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The UDRP is a policy developed by ICANN to address the conflict between trademarks and domain names. The policy was adopted on August 26, 1999 and the implementing documents were approved on October 24, 1999.
It uses a neutral third party to resolves a dispute over the proper registrant of a given domain name. The use of the UDRP has expanded as a result of the requirements contained in various free trade agreements that the UDRP must be used as a model for individual countries' domain name dispute resolution policies.
As stated by one court:
|“||The UDRP is an administrative alternative dispute resolution policy which creates a procedure specifically designed to provide a fast and cheap means for resolving domain name disputes. On average, it takes no more than two months to resolve a domain name dispute under the UDRP.||”|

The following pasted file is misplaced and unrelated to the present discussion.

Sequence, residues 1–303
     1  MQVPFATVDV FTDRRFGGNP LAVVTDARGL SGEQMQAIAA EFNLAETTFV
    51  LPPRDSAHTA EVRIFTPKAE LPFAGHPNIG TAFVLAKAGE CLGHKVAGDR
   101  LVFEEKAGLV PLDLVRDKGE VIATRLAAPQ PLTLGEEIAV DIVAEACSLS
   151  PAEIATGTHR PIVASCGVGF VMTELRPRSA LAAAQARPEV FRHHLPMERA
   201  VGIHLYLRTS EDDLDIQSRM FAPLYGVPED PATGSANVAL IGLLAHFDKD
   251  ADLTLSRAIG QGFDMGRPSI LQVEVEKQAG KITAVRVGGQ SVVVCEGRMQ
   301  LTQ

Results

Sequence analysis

All registrars must follow the the UDRP. Under the policy, most types of trademark-based domain name disputes must be resolved by agreement, court action, or arbitration before a registrar will cancel, suspend, or transfer a domain name. Disputes alleged to arise from abusive registrations of domain names (for example, cybersquatting) may be addressed by expedited administrative proceedings that the holder of trademark rights initiates by filing a complaint with an approved dispute-resolution service provider.
To invoke the policy, a trademark owner should either (a) file a complaint in a court of proper jurisdiction against the domain-name holder (or where appropriate an in-rem action concerning the domain name) or (b) in cases of abusive registration submit a complaint to an approved dispute-resolution service provider.
Future of UDRP Edit
- ↑ American Girl, LLC v. Nameview, Inc., 381 F.Supp.2d 876, 75 U.S.P.Q.2d (BNA) 1838 (E.D. Wis. 2005) (full-text) (citations omitted).
- "Uniform Domain-Name Dispute-Resolution Policy" (full-text).